Organ Donation ( Lin ) Essay examples

1201 Words Dec 13th, 2016 5 Pages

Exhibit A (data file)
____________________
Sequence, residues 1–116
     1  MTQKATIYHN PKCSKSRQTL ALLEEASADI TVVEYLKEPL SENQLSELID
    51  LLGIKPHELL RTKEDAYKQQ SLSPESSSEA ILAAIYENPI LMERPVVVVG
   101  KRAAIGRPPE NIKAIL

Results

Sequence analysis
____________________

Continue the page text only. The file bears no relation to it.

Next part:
For many patients in need of vital organ transplants, life is a waiting game. For some, getting a new, healthy organ can happen overnight, but for most, the wait is much longer. Over 100,000 individuals in the United States need organ transplants and 18 people die each day waiting for one, according to the U.S. Department of Health and Human Services (“The Ethics”). As the scarcity of suitable organs for transplantation continues to grow, doctors frantically search for alternative sources for organs, such as those from death row prisoners. Administering anesthesia to the condemned and the recovery of organs would produce optimum organs for transplantation. Due to the insurmountable shortage of organ donors, prisoners on death row should be required donors to help individuals suffering from end-stage organ failure. Organ donation is a life-saving treatment for patients who suffer from advanced organ failure. Since the first organ transplant in 1954, thousands of patients benefit from the “Gift of Life” that is organ donation (Lin). In the United States, organ donation is generally governed by two documents: the National Transplant Act of 1984 and the Uniform Anatomical Gift Act. The latter states, “...all that is required for one to be a donor is some type of a document, such as a donor card on a driver’s license” (Lin). While the majority of prisoners pass this requirement, the prison board prohibits the use of death row inmates as organ donors. Because prisoners become…

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